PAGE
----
You’ve been dreaming of a Goldendoodle puppy for so long and the time for actually getting one has finally arrived. In midst of your joy and excitement, don’t lose sight of the fact that there are some serious considerations to keep in mind while you’re looking for the one. The single most important matter is the health of your pup. You want to find a doodle that has been conscientiously bred for good health and then checked by a veterinarian before being offered for sale. From their Poodle and Golden Retriever lineage, Goldendoodles can inherit the conditions that affect those breeds. In this blog post we’re going to detail three of these health concerns.
The first health issue is hip dysplasia. This is where the socket of the hip bone is too small for the ball head of the leg bone (femur). This causes the bones to rub against each other causing discomfort and inflammation, as explained in the following post:
Hip dysplasia is the medical term for poor hip conformation and the arthritis and pain that occurs secondary to that conformation. Normally the “ball” portion of the hip (the head of the femur) sits well within the “socket” portion of the pelvis. In an animal with hip dysplasia either the “ball” portion does not sit within the hip socket but rather rests on the edge of the hip socket or the socket itself it too shallow to hold the hip in place. Instead of that nice smooth gliding motion, bone-on-bone contact occurs and just like wheels in a cog that do not fit properly, heat (inflammation) is produced… Read more at Goldendoodles.com…
Goldendoodles can have hip dysplasia and not show any symptoms or discomfort for years, or possibly at all. This makes it important to take your dog to the vet for regular check-ups for early detection. It also makes it imperative to work with a reputable breeder who mates prudently to weed out this genetic propensity.
The second condition is patellar luxation. This is the dislocation or misalignment of the patella (kneecap) of the dog. Although the kneecap can be moved back into the right position, this a painful condition that can lead to crippling. It occurs mostly in small dogs, as the following post explains:
This is a common problem in small-sized dogs and is known as slipped stifles. The patella of the dog is actually it’s kneecap. A luxation in the patellar actually means that the joint is dislocated and slides out of position. This is more common in the rear legs. The condition can cause discomfort and pain to the animal, and if not managed properly can cause permanent crippling. Still, this is a condition which will allow most dogs to lead almost normal lives if proper care is taken to treat the pain… Read more at MerchDope…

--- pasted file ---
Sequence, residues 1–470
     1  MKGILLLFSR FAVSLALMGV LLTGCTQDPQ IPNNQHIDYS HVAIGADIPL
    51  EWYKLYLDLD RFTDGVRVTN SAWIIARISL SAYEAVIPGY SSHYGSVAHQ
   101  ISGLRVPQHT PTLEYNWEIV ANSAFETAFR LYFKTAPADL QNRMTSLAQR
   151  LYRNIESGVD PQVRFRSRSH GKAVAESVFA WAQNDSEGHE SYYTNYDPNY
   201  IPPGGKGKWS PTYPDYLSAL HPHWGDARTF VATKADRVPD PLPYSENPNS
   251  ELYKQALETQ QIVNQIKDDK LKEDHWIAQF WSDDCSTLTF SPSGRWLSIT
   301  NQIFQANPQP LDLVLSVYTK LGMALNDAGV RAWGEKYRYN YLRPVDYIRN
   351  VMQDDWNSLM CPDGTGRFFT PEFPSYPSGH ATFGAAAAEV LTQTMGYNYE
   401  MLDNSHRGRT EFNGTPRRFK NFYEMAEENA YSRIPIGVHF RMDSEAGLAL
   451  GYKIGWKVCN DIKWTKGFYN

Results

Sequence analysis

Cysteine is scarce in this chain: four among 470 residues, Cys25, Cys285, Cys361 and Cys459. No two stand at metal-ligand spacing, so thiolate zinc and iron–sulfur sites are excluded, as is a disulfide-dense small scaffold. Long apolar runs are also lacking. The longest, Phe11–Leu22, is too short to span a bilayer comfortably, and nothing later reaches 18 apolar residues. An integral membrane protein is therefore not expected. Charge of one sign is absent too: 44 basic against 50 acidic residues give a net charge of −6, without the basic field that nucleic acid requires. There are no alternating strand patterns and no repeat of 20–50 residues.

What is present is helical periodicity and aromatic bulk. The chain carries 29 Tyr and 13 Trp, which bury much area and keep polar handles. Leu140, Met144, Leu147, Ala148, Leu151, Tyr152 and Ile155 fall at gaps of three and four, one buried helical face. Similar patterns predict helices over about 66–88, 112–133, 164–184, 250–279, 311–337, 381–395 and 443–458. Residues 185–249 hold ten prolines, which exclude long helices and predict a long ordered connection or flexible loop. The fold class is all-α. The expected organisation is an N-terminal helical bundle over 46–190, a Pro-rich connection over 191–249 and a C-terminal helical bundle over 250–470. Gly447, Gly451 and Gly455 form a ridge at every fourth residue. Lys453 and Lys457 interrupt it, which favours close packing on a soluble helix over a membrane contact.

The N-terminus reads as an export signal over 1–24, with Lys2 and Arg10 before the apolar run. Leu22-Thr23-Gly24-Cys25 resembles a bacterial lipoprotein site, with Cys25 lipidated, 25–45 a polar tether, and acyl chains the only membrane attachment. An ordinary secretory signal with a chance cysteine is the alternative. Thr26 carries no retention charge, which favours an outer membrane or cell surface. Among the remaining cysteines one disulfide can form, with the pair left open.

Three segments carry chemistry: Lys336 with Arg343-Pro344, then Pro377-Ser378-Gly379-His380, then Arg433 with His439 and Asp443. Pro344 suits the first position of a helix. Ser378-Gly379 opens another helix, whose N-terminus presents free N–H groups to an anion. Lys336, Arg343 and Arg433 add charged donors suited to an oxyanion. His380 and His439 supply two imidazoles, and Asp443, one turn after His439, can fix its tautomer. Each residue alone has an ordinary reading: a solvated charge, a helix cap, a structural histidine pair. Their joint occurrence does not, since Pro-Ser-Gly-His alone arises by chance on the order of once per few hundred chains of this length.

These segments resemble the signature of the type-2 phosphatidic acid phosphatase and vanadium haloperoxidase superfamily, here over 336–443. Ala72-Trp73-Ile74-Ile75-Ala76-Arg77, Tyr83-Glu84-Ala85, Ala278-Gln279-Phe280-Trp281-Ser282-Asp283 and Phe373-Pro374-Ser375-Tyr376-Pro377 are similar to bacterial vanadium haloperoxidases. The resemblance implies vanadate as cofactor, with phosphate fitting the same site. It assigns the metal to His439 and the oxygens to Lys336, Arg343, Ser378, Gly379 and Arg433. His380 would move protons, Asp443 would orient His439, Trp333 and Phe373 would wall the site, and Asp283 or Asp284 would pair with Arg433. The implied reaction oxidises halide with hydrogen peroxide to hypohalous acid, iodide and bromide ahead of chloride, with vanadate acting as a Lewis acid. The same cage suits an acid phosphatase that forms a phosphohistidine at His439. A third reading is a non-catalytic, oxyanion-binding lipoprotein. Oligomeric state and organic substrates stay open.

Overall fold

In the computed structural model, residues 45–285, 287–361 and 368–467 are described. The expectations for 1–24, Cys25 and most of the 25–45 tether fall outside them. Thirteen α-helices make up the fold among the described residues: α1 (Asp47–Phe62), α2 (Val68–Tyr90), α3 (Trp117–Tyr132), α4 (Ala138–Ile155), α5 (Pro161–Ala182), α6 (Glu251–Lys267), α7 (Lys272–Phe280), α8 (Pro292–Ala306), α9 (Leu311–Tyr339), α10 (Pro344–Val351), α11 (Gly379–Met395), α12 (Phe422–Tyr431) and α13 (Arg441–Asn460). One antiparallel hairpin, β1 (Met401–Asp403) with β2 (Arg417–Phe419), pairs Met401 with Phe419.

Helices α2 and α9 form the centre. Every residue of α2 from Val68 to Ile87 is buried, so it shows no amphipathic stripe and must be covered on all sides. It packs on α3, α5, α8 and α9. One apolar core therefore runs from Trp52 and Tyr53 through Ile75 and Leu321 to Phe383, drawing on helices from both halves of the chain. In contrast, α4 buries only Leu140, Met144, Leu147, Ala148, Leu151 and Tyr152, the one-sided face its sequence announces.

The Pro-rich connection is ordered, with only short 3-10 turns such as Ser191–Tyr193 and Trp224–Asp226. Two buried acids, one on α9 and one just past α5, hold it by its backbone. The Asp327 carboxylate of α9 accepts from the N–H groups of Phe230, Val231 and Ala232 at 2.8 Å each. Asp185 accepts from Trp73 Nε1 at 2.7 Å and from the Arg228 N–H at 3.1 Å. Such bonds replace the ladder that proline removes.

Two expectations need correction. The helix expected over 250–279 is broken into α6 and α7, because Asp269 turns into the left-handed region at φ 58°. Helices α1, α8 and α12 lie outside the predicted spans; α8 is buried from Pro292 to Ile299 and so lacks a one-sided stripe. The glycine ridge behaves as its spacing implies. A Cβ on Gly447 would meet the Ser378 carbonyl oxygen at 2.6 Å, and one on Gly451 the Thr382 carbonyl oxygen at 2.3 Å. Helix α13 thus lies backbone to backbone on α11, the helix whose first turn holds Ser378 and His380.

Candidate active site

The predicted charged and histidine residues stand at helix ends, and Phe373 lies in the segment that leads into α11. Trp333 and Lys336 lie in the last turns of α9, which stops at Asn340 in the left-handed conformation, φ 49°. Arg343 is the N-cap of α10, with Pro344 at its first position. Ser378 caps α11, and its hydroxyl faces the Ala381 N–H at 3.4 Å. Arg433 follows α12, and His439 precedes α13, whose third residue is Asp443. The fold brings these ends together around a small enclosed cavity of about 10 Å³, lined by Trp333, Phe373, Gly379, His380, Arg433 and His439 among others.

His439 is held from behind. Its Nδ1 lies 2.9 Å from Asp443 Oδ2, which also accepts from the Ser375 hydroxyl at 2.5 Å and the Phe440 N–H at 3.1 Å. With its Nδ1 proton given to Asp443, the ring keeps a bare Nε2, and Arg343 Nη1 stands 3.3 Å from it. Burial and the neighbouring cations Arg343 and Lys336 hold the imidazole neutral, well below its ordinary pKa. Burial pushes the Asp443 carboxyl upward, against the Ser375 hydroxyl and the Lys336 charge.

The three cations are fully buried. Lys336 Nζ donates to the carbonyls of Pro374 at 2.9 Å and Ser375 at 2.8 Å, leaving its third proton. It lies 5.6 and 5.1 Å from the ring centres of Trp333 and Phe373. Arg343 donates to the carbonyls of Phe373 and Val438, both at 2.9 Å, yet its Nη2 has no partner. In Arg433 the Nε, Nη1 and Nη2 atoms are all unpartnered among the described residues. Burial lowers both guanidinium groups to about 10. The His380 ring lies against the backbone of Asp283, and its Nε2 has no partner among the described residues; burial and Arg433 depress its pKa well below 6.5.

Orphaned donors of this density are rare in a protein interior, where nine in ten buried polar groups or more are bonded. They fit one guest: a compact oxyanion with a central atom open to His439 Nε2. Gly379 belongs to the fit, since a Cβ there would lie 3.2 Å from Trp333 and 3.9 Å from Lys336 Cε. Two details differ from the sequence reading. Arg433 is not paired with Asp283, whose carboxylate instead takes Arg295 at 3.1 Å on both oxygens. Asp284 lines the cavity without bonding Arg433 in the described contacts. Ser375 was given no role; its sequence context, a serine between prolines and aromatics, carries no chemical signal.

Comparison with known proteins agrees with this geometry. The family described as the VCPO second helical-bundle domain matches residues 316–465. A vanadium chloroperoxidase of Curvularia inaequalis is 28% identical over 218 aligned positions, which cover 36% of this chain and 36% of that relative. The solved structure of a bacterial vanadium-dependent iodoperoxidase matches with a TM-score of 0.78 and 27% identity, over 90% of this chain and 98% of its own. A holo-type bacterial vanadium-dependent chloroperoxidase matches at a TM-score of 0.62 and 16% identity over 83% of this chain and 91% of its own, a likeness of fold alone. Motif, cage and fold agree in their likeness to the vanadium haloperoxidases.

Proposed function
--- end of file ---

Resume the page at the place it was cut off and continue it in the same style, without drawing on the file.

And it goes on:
Similar to avoiding hip dysplasia, working with a good breeder will lessen the chances of encountering this problem tremendously. Still, you should take your dog to the vet regularly to keep an eye out for it.
The last health concern we’ll touch on is cataracts. As in humans, these form on the ocular lenses and reduce vision. Cataracts often appear in both eyes, and left untreated they can lead to blindness. Learn more in the following post:
A dog who suffers from cataracts is not able to see through the opacity of the lens, if it does not involve the entire lens, partial vision is retained. Sadly, for dogs, cataracts tend to appear in both eyes, often to varying degrees.The most obvious symptom will involve clouding of the eye, though it should be noted, without the benefit of a trained veterinarian and the proper equipment to evaluate the eye properly a definitive prognosis should not be made.The treatment for cataracts involves a surgical approach to remove or dissolve the lens… Read more at Goldendoodle Advice…
The purpose of this post isn’t to worry you about these potential health issues. The point is to make you a more informed, and thus better, puppy parent. Your responsibility in that role begins with choosing a reputable breeder to work with.
Blue Ridge Goldendoodles can’t be beat in this regard. We are a recommended breeder at Goldendoodles.com. Our puppies come with a full two-year health guarantee and lifetime support. They are up-to-date on shots and have been thoroughly checked by our vet. We send a detailed health record with every one. Our breeding dogs are always screened for hip dysplasia through the Orthopedic Foundation for Animals and cleared before breeding. We check for patellar luxation and make sure their eyes are CERF certified. We also test them for problems with the heart. The Poodles we breed are also cleared for Sebaceous Adenitis, a skin disease, and Von Willabrands, a bleeding disorder.
Visit our website to view our available Goldendoodle pups. If you see one that you know is supposed to be yours, complete the online Application to begin the process.